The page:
Last week, beekeepers all over Massachusetts and New Hampshire received three-pound packages of bees in the mail - typically one queen bee and approximately 12,000 drones and worker bees - from southern states like Georgia, Alabama and Texas in preparation for the start of beekeeping season.
"Once the bees are shipped, they get to you very efficiently," Gloucester beekeeper Hank McCarl, 66, said with a chuckle. "I have three packages of bees coming up from Georgia. I know I'll get a call as soon as they arrive at the post office to come pick them up. They are very happy to get the bees out of there right away."
And while the chilly temps and strong wind weren't ideal, last Saturday, beekeepers like Newbury resident Barbara Milhender successfully installed new bee colonies into backyard hives all across the region.
"Beekeeping is very addicting - and meditative. You have to be very still in mind and still in body," said Milhender, 57. "If you don't get into that mindset, you'll get stung. But if you're in tune with them, it's really fun to watch them do their respective jobs."
Essex County has long been a hotbed for beekeeping. Rev. Lorenzo Lorraine Langstroth, who invented the first transportable beehive in the country in the early 1850s, was a pastor at the South Congregational Church in Andover at one point during his career.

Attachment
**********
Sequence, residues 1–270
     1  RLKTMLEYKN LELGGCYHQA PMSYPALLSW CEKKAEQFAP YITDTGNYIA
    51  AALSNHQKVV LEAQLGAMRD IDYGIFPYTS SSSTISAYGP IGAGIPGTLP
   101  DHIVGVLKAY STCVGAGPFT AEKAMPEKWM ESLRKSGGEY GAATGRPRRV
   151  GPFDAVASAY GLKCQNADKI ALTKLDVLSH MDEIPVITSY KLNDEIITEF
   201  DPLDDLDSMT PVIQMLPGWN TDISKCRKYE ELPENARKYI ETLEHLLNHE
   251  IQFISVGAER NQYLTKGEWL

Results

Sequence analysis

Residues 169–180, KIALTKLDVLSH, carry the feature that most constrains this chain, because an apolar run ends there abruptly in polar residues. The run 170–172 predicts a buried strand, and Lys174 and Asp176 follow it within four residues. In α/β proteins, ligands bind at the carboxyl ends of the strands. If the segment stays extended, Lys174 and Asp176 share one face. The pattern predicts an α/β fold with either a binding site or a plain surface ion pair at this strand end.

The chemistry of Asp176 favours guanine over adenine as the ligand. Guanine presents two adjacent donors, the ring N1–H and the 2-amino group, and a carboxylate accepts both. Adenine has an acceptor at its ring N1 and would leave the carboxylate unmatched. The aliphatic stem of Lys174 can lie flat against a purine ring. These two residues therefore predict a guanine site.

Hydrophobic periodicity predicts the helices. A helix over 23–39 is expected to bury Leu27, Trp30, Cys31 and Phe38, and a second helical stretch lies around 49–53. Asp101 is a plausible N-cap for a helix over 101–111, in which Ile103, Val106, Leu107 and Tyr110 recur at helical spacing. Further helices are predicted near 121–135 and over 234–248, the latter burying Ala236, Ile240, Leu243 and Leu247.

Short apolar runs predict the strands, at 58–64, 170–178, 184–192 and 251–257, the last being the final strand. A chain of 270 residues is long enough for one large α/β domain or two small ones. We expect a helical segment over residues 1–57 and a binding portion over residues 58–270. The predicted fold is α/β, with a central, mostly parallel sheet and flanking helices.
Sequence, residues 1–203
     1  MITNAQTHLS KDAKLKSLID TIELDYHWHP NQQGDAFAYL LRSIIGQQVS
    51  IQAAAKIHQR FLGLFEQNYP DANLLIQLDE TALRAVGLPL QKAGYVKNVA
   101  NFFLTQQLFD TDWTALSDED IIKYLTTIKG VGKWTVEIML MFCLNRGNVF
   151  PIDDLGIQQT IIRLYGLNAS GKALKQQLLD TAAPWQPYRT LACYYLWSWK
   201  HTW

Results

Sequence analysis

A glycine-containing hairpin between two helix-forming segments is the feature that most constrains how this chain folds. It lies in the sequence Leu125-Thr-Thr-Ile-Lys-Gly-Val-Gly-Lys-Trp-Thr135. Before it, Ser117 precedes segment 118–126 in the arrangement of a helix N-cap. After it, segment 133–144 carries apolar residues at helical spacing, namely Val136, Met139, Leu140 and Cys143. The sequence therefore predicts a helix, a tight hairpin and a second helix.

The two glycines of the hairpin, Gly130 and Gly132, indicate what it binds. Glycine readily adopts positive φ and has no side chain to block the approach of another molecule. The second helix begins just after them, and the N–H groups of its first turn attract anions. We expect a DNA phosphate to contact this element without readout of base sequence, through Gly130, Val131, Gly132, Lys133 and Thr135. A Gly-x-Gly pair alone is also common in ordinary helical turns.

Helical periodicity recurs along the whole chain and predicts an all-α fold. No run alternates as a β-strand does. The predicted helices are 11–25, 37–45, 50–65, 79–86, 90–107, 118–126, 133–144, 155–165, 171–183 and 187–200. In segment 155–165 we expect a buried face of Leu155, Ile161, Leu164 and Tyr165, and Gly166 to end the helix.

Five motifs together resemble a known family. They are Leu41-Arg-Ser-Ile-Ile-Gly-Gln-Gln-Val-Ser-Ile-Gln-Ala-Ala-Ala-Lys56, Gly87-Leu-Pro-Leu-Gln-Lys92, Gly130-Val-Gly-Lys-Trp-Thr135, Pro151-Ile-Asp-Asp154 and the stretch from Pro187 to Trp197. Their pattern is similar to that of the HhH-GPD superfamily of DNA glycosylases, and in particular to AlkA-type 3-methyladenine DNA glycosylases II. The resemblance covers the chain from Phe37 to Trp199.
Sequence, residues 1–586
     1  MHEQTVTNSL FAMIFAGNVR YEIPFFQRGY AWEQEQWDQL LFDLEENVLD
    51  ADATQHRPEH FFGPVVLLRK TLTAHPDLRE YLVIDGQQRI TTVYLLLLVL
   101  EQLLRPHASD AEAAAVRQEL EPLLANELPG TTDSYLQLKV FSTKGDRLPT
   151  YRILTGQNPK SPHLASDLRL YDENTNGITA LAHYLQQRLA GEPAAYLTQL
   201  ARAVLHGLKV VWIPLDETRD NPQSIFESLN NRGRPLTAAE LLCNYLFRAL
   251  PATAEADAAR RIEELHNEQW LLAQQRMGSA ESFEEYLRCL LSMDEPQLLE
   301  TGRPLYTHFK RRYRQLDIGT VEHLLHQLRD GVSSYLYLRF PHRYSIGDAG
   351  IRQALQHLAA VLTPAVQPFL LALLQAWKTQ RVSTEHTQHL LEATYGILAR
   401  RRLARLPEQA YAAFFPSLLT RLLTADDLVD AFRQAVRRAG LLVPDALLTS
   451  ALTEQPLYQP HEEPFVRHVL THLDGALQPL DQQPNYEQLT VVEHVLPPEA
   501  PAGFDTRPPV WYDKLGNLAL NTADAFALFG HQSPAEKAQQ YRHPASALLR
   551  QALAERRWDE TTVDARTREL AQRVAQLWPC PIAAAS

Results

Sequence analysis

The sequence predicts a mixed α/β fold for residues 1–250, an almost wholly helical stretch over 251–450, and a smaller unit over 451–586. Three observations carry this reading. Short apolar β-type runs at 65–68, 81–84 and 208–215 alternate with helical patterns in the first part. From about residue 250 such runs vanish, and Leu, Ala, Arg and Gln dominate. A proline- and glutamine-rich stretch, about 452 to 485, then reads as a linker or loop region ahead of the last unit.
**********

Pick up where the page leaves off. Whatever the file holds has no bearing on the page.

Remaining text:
Contemporary beekeepers, like Andover's David Meldrum, keep just one or two hives on their property. Others, like Hamilton resident Gretel Clark, will maintain as many as 30 hives in various locations around the county.
Beekeeping hobbyists are drawn to the potentially painful activity for a variety of reasons. Danvers resident Frank Herschede, 69, started keeping bees in 1995 to help pollinate his dwindling garden. West Newbury resident Jane Wild, 57, started keeping bees in 1991 to produce her own organic honey for cooking. And Middleton resident Alan Wilkins, 59, started keeping bees in 1987 to further his collection of animals, which include rabbits, swans and Hawaiian geese.
"I was interested in it from a scientific standpoint," said McCarl, who became a beekeeper five years ago. "I grew up as kid interested in anything that had to do with nature, whether it was insects, butterflies or snakes. And then I had children who were interested in those things, too. It's fascinating what a positive impact they have on an area. They're very helpful to people and crops and flowers and fruit trees."